For those who hold the view that data are not an “object” for the purposes of IHL, there is little difference between all three incidents. According to that view, because data is not an object, attacks against the relevant datasets do not need to be justified by reference to the definition of military objectives. Consequently, for those who hold this view, the destruction of all three datasets would be lawful under IHL. In other words, none of the operations conducted by armed group G in incidents 1–3 would amount to a violation of IHL. It should be noted that, particularly with regard to incident 2, this interpretation amounts to condoning an operation that is “extraordinarily disruptive to civilian life”, so much so that if the same effect was brought about through kinetic means, it would qualify as a war crime in IACs and possibly also in NIACs.
On the second view, according to which data may be an “object” under IHL, the lawfulness of the relevant operations would have to be assessed with reference to the requirements imposed by the definition of military objectives. In this regard, incident 1 would likely qualify as lawful under IHL. This is because datasets stored in a military network and consisting of information on military assets belonging to the adversary are inherently military in nature. In addition, these datasets “contribute to the execution of the enemy’s operations or otherwise directly support the military activities of the enemy”. As such, they make an effective contribution to the adversary’s military action by their nature, fulfilling the first prong of the definition under Article 52(2) AP I.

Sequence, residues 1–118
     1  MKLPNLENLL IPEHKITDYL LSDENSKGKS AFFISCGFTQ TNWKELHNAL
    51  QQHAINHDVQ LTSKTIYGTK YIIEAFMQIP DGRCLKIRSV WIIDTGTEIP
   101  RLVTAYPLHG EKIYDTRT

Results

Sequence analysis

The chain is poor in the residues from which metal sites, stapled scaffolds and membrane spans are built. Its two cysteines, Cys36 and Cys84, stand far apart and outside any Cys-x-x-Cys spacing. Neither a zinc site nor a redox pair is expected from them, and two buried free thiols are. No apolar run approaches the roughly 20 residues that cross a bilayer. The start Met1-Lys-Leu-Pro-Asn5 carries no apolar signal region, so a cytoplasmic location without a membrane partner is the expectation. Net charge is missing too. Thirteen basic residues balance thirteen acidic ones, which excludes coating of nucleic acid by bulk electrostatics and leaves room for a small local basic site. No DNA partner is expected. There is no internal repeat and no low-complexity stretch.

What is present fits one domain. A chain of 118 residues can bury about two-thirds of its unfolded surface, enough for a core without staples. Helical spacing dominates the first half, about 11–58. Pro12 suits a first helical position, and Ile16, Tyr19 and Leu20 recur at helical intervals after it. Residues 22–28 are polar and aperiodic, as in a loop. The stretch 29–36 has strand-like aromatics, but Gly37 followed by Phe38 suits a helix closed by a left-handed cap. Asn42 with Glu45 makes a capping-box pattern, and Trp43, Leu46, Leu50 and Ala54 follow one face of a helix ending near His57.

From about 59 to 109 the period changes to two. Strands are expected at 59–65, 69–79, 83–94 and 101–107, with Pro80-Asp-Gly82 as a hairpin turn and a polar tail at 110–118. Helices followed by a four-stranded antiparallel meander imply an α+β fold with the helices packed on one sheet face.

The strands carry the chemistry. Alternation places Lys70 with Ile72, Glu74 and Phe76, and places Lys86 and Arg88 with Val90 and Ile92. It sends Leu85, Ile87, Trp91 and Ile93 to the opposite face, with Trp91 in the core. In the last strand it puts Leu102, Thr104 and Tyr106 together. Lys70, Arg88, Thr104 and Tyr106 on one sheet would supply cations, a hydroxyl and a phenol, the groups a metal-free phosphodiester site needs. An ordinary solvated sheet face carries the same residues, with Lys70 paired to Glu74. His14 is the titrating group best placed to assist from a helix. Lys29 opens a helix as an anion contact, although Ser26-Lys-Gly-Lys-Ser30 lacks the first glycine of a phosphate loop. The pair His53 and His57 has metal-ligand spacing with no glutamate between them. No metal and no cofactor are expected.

By denying the governmental armed forces immediate access to the information about their own military assets, the insurgents impede the military action of the government. State A’s armed forces will likely have to allocate resources towards the restoration of the lost information, thus potentially creating a window of opportunity for the rebels. Should this be the case “in the circumstances ruling at the time”, as prescribed by Article 52(2) AP I, the second prong of the definition under that provision would also be met.
By contrast, the cyber operation at the basis of incident 2 would likely be prohibited under IHL. This is because datasets used and kept for strictly non-military purposes only cannot be described as making an effective contribution to military action. As such, they do not qualify as military objectives under IHL and they must therefore be seen as civilian objects, which are protected from being attacked during armed conflict. As noted, this analysis fosters the protection of essential civilian datasets and, consequently, it aligns with the object and purpose of the relevant legal norms.
Incident 3 is the most complex of the analysed operations. Ordinarily, the activities of a civilian press agency, even if operated by the government in the context of an ongoing NIAC, do not contribute towards any belligerent’s military action. Exceptionally, specific media reports might effectively contribute to the enemy’s operational picture, and as such, depriving the enemy of them might offer a definite military advantage. Accordingly, in these exceptional situations, the data containing such reports would qualify as a legitimate military objective. However, the deletion of all data belonging to a press agency and its replacement with the insurgents’ propaganda would most likely go beyond such a narrow goal and therefore, the cyber operation would appear to be a case of unlawful targeting of a protected civilian object.